Nanoose Bay author and poet Susan Pederson holds her book, ‘How Many Times Can You Say Goodbye?’, which is encompasses undelivered notes written to her best friend who was dying of cancer at the time. (PQB News file photo)
Nanoose Bay poet discusses hope in latest dance video

Pederson: ‘We all have something that we can do that will keep us going’

British Columbia Health Minister Adrian Dix looks on as Provincial Health Officer Dr. Bonnie Henry addresses the media during a news conference at the BC Centre of Disease Control in Vancouver B.C. (THE CANADIAN PRESS/Jonathan Hayward)
B.C. announces 485 new COVID-19 cases, fewest deaths in months

‘The actions we take may seem small, but will have a big impact to stop the virus,” urges Dr. Henry

Keith Thorpe/Peninsula Daily News
Search called off for small plane that went down in rough water south of Victoria

Plane bound for Port Angeles from Alaska believed to have one occupant, an Alaskan pilot

Royal B.C. Museum conservator Megan Doxsey-Whitfield kneels next to a carved stone pillar believed to have significance as a First Nations cultural marker by local Indigenous people. The pillar was discovered on the beach at Dallas Road last summer. Museum curatorial staff have been working with Songhees and Esquimalt Nation representatives to gain a clearer picture of its use. (Photo courtesy Royal BC Museum)
Stone carving found on Victoria beach confirmed Indigenous ritual pillar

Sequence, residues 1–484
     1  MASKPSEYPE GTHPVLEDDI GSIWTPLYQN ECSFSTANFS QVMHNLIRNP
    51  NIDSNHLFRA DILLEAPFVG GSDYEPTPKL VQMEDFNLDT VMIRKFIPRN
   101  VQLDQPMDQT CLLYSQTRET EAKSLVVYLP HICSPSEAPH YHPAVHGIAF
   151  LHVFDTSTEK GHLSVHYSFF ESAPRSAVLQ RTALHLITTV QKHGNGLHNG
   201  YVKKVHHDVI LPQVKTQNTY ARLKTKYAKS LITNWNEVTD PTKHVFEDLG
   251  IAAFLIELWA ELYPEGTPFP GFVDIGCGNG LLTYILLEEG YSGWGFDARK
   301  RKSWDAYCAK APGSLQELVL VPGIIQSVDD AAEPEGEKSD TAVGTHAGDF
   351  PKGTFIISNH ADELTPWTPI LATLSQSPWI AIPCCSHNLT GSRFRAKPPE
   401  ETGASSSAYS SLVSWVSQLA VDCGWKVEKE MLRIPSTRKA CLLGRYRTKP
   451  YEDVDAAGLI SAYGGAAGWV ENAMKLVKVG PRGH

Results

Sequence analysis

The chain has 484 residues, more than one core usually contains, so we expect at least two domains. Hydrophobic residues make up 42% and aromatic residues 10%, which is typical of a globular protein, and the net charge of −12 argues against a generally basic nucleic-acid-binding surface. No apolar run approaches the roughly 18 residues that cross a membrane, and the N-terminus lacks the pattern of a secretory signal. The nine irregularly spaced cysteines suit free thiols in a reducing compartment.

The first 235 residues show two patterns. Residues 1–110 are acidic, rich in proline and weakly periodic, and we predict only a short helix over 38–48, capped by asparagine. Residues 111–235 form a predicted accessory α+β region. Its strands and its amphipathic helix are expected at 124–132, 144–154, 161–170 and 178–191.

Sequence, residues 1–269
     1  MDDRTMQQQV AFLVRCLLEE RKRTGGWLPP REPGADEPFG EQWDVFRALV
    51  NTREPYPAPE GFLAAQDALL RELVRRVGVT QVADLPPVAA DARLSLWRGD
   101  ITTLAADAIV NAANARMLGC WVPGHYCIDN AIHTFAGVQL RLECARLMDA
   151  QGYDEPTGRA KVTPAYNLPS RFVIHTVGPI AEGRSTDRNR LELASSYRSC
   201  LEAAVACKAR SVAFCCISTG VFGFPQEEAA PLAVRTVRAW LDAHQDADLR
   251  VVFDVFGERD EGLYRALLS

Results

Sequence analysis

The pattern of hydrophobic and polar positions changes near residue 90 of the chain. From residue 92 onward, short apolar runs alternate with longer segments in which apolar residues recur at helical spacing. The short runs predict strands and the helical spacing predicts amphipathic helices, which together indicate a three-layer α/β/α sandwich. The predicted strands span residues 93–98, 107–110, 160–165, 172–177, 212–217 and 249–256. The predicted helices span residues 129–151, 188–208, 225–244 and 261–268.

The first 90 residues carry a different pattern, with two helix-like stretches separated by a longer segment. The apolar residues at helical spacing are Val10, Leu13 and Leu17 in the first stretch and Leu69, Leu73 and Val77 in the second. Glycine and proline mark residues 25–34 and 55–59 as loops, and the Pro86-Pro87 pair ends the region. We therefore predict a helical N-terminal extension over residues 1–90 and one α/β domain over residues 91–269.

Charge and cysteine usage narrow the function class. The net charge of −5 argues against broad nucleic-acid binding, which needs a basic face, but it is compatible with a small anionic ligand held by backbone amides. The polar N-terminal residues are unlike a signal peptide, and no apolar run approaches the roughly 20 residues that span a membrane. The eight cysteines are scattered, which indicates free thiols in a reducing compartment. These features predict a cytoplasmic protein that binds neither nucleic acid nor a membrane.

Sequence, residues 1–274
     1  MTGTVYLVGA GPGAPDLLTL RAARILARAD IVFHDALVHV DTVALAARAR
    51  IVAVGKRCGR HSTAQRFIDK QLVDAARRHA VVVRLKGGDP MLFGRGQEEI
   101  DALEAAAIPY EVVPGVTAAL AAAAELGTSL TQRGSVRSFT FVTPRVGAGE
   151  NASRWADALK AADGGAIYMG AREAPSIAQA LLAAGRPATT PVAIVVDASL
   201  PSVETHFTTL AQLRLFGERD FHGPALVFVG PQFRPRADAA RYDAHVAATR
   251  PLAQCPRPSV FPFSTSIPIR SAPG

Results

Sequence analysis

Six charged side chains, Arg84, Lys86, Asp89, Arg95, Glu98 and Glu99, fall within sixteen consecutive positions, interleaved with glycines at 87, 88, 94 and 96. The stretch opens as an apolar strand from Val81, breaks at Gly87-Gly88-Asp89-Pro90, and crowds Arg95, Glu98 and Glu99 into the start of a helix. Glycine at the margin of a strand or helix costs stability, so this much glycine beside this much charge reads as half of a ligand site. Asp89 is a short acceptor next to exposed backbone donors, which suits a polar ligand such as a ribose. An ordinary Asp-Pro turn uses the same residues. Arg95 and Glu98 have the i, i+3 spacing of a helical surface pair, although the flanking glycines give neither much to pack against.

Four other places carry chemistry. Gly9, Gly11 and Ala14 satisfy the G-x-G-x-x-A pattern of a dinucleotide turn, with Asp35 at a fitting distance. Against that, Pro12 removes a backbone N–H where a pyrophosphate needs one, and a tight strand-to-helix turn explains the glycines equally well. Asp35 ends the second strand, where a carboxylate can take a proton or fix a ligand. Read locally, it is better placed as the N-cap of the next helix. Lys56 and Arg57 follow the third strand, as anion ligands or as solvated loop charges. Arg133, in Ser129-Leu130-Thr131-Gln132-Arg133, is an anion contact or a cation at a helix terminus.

Discussion underway with the Esquimalt and Songhees about suitable final home for the artifact

Former Vancouver Giants forward Evander Kane is seen here in Game 7 of the second round of the 2009 WHL playoffs against the Spokane Chiefs (Sam Chan under Wikipedia Commons licence)
Gambling debts revealed in details of bankruptcy filing by hockey star Evander Kane

Sharks left winger and former Vancouver Giants player owes close to $30 million total

Othman “Adam” Hamdan, pictured in front of Christina Lake’s Welcome Centre, was acquitted of terrorism related charges in 2017. He has been living in Christina Lake since November 2020. Photo: Laurie Tritschler
Man acquitted on terrorism charges awaits deportation trial while living in Kootenays

Othman Ayed Hamdan said he wants to lead a normal life while he works on his upcoming book

B.C. Premier John Horgan wears a protective face mask to help prevent the spread of COVID-19 prior to being sworn in by The Honourable Janet Austin, Lieutenant Governor of British Columbia during a virtual swearing in ceremony in Victoria, Thursday, November 26, 2020. THE CANADIAN PRESS/Jonathan Hayward
Premier Horgan calls jumping COVID vaccine queue ‘un-Canadian’

Horgan says most people in B.C. are doing their best to follow current public health guidelines

Prime Minister Justin Trudeau, left, and Vancouver Mayor Kennedy Stewart share a laugh while speaking to the media before sitting down for a meeting at City Hall, in Vancouver, on Friday August 30, 2019. (THE CANADIAN PRESS/Darryl Dyck)
Vancouver mayor, Health Canada to formally discuss drug decriminalization

Kennedy Stewart says he’s encouraged by the federal health minister’s commitment to work with the city

Downtown Fernie is pictured after a snowfall.

Most Read